Another way we found animals could overcome the problem of “mixed messages” is by learning about humans through observing others’ encounters. This kind of social learning may allow animals that have learned to avoid people after a negative encounter to exploit feeding opportunities when others explore areas near humans that don’t pose a threat. Social learning could be especially useful when the number of dangerous humans in a population fluctuates over time, such as during and after hunting seasons.
One way animals learn socially is by making alarm calls. These function to alert others to danger. If animals accurately identify a threat each time they encounter one, all in the population will benefit. Therefore, if animals can distinguish among individual humans, and alarm call only on these occasions, their ability to avoid only dangerous individuals will vastly improve. In reality, there will be mistakes (we all make them), but this general pattern may explain why species with individual recognition have been found to spread information about dangerous humans via alarm calls.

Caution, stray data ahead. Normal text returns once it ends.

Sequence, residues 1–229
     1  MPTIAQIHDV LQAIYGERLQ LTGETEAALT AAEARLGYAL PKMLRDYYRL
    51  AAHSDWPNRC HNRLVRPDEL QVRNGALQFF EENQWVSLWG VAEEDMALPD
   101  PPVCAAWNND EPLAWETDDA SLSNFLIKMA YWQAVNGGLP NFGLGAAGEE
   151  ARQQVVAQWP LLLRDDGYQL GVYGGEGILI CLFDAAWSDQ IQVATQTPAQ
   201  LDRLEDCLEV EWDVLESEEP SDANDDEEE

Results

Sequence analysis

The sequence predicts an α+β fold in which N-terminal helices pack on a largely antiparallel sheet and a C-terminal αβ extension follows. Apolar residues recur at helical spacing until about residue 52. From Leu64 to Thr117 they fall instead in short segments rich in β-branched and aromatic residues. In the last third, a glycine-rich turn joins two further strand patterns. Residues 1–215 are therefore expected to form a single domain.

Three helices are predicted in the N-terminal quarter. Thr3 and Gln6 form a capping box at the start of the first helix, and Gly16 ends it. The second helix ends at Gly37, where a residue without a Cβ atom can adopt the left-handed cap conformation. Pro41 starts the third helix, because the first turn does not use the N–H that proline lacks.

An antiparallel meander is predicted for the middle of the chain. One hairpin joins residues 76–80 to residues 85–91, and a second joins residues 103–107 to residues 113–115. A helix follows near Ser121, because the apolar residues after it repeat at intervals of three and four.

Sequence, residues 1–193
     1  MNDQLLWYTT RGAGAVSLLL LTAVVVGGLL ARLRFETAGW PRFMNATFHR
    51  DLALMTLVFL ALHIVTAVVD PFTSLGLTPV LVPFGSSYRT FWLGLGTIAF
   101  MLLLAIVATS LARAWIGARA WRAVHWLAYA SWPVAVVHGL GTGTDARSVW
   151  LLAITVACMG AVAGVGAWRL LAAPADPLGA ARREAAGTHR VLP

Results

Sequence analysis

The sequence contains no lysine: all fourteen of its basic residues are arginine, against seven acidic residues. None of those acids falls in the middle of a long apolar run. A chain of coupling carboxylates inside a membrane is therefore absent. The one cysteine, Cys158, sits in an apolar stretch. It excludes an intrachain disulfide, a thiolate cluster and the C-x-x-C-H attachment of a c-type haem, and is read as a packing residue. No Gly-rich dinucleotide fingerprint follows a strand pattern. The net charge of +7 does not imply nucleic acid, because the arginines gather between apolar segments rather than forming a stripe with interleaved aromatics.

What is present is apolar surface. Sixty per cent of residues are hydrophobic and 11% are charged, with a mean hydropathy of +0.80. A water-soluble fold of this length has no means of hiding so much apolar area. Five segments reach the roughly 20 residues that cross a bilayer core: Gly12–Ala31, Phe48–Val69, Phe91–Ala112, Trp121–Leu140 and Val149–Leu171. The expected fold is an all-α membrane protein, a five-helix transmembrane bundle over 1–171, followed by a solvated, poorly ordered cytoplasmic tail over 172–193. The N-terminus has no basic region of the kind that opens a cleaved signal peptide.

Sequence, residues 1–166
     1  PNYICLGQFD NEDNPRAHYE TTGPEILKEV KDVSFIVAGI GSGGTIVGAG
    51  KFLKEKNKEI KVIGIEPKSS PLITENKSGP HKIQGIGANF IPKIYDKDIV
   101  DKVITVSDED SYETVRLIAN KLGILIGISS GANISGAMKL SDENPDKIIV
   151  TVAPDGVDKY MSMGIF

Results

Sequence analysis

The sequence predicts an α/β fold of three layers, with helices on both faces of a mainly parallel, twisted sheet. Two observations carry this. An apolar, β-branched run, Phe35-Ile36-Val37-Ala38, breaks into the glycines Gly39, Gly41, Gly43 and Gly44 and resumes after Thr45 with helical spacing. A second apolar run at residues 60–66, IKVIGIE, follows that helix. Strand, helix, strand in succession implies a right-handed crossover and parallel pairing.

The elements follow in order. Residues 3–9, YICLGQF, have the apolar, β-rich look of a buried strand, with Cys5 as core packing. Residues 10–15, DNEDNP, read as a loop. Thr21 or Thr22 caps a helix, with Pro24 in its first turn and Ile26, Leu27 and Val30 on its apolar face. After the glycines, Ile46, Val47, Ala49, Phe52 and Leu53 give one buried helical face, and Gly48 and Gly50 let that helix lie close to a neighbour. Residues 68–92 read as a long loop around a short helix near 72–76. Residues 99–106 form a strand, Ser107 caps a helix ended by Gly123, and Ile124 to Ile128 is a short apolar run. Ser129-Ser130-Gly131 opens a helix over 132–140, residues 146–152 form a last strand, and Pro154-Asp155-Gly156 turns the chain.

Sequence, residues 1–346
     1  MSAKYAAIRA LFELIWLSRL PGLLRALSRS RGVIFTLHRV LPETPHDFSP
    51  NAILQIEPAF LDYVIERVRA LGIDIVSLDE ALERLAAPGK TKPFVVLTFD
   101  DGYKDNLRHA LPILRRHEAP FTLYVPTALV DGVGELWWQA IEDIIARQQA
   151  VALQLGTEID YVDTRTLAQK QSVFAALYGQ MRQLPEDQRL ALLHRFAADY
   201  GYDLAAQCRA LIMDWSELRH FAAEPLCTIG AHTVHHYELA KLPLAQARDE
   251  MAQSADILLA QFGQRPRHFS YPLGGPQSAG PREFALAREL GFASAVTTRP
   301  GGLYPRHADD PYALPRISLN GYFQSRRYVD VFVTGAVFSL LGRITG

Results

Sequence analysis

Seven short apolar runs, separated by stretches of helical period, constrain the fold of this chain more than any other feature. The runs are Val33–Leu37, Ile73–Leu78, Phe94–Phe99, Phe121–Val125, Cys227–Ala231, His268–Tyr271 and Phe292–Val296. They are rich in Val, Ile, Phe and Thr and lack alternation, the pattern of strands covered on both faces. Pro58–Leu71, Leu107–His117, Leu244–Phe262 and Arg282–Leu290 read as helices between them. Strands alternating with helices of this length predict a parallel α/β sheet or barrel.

Our findings have implications for conservation. By identifying the learning strategies of different species, it may be possible to predict which will be most vulnerable to an increasing human presence. Knowing which species are capable of recognising individual humans and/or socially learning about them may also affect how people choose to run wildlife management programmes.
Our findings also have implications for wild animal welfare, which is often overlooked. Many people around the world engage in direct feeding interactions with wild animals, where they offer food and encourage animals to approach them closely. Some of these animals are species that are hunted or persecuted. If animals do not adequately distinguish people who feed them from people who want to harm them, they run a higher risk of being hurt or killed.
Our paper can be read in full here.